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Exploring historical ties between CMU and the University of Ghana

A conversation with visiting scholar, alumnus Nana Yaw Sapong

Contact: ​Jeff Johnston

There was more to Nana Yaw Sapong's visit to Central Michigan University than presenting at the International Graduate Historical Studies Conference last weekend and serving as a guest lecturer for an honors class this week.

It was a homecoming of sorts for the University of Ghana history professor and researcher who received his graduate degree in history from CMU in 2004.

Sapong took some time away from his role as a visiting scholar to answer questions about the conference, his experiences and why students should care about the histories of countries worldwide.

Why is it important for students to study the histories of different countries?

Our world is ever-shrinking because of science and technology. In the real world, we interact with people from every part of planet Earth. If you intend to work in academia, for a multinational business or with the federal government, knowing the histories of countries is crucial. At the least, it will help you navigate the cultural pitfalls that befall the ignorant.

What did you present to the CMU honors students, and what do you hope they take away from your presentation?

As part of the honors program, some of the students will be going abroad to study. My lecture dwelled on the challenges and rewards of immersing yourself in a different culture and knowing its people. I drew specific instances from Ghana and tried to answer questions pertaining to living and studying in that country. The hope was to help them make a more informed decision concerning studying abroad.

What are the similarities and differences in the way studying history is approached in the U.S. and Ghana?

The study of history as a discipline was late in coming to Ghana. Ghana's first university and history department were founded in 1948 while most United State universities and history departments were founded in the 19th century or earlier. Having said that, universities in Ghana — especially the University of Ghana — are keeping up with the best practices in higher education. This has been made easier by an influx of U.S. and United Kingdom trained historians in the last decade. Like U.S. universities, the University of Ghana requires history faculty members to be actively engaged in research and transfer the teachable moments to the classroom.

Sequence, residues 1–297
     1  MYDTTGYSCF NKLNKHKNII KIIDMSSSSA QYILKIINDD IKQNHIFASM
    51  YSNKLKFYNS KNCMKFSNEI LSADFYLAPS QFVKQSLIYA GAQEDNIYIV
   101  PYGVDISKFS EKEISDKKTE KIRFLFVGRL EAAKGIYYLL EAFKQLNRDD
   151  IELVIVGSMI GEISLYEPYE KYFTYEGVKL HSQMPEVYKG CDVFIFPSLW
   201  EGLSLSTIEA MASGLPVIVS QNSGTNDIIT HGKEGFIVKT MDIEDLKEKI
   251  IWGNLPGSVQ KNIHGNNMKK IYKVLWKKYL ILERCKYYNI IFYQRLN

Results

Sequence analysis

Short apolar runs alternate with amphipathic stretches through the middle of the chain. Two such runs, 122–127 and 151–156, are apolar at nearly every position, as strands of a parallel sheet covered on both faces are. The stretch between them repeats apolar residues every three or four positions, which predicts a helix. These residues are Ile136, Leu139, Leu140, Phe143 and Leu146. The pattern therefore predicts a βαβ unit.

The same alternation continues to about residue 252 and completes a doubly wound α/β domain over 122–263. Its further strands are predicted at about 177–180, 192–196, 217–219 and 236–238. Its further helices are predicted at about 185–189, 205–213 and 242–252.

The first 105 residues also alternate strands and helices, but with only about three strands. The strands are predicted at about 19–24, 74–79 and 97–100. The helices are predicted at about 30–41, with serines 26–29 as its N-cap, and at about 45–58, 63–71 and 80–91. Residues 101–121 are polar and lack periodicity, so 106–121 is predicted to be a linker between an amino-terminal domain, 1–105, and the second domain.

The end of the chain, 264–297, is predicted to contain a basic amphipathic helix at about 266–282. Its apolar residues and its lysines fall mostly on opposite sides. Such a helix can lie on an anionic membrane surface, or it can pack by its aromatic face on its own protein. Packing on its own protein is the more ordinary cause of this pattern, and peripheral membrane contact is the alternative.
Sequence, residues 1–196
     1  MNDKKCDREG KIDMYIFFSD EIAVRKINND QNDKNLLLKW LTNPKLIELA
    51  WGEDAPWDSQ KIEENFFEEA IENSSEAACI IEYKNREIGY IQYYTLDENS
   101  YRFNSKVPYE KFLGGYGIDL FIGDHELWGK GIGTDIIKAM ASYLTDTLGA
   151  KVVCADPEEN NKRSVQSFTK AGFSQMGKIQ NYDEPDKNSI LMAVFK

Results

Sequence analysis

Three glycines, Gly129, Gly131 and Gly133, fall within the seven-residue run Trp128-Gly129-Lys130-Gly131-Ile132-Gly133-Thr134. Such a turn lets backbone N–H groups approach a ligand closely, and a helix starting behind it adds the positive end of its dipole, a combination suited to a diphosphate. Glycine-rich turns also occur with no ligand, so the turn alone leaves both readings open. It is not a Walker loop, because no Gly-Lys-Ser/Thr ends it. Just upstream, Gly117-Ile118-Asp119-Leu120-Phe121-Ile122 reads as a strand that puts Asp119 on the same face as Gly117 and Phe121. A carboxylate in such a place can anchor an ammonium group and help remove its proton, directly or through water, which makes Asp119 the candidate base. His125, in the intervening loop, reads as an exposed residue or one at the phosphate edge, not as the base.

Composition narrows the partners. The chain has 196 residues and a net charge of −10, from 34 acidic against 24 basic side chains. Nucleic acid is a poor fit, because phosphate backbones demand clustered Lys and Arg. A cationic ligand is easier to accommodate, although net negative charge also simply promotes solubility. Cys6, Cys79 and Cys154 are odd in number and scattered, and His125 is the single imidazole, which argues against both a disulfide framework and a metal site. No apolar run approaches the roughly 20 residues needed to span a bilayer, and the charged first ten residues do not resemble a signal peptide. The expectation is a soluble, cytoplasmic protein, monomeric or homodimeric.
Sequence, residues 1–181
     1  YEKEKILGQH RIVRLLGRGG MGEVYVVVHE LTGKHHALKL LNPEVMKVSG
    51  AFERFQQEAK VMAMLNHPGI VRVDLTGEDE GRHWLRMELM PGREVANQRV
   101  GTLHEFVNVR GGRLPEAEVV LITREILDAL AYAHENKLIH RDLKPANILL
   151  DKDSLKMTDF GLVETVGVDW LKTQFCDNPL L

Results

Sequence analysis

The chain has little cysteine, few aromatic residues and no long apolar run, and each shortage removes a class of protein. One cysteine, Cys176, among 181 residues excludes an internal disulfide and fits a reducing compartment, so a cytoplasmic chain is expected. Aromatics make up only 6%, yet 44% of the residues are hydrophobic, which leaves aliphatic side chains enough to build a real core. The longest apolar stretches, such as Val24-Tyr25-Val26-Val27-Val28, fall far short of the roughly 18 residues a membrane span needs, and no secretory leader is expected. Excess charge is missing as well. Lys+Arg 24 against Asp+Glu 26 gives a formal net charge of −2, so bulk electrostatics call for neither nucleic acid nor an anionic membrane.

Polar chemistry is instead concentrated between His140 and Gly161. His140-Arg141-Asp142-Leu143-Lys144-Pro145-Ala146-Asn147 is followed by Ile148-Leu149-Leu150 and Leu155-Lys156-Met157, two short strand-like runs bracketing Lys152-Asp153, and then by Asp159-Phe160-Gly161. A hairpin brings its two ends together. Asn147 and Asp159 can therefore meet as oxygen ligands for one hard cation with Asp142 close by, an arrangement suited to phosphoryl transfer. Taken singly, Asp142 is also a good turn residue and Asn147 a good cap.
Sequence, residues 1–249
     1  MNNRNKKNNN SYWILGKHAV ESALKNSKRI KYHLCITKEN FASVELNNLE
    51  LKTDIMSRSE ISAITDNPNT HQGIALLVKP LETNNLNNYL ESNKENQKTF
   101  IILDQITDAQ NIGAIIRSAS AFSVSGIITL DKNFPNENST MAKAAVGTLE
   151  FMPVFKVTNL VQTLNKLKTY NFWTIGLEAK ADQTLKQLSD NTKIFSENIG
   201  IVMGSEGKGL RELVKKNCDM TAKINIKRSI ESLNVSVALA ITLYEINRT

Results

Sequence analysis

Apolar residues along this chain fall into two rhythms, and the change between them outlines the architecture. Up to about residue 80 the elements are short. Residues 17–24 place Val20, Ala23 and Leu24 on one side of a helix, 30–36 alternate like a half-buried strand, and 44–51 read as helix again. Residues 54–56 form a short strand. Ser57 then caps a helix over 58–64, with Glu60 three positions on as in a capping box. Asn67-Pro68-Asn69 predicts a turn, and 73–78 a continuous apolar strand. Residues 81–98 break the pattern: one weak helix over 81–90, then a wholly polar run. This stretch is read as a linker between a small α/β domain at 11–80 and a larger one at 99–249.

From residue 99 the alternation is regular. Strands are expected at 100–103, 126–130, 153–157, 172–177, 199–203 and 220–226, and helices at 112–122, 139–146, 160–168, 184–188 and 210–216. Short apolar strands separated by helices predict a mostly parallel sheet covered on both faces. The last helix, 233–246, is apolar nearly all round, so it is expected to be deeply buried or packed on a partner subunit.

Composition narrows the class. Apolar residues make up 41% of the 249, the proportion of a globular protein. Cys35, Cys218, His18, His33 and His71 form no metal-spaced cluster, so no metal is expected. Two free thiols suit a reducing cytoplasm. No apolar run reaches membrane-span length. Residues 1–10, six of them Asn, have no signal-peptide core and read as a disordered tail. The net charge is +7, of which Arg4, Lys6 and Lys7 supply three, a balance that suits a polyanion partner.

How did studying history at CMU prepare you for your career as an educator?

I really have fond memories of CMU because this is where I really started my career as an academic in fall 2002. I remember taking my first colloquia and seminars in U.S. history, Nazi Germany, the enlightenment and historiography. These courses looked daunting but several professors gave me a close faculty-student interaction that not only kept me engaged, but also influenced the way I think, write, teach and relate with my students. Thanks to them and other mentors, I am currently the coordinator for the history project of the University of Ghana.

Why is an international graduate conference such as the one at CMU important for history students and educators?

International conferences are the mainstay of our profession. This is where participants clean up their papers and sharpen their arguments for publication or to complete their thesis/dissertation. They also are able to establish a network of mentors and fellow educators, as well as potential employers.

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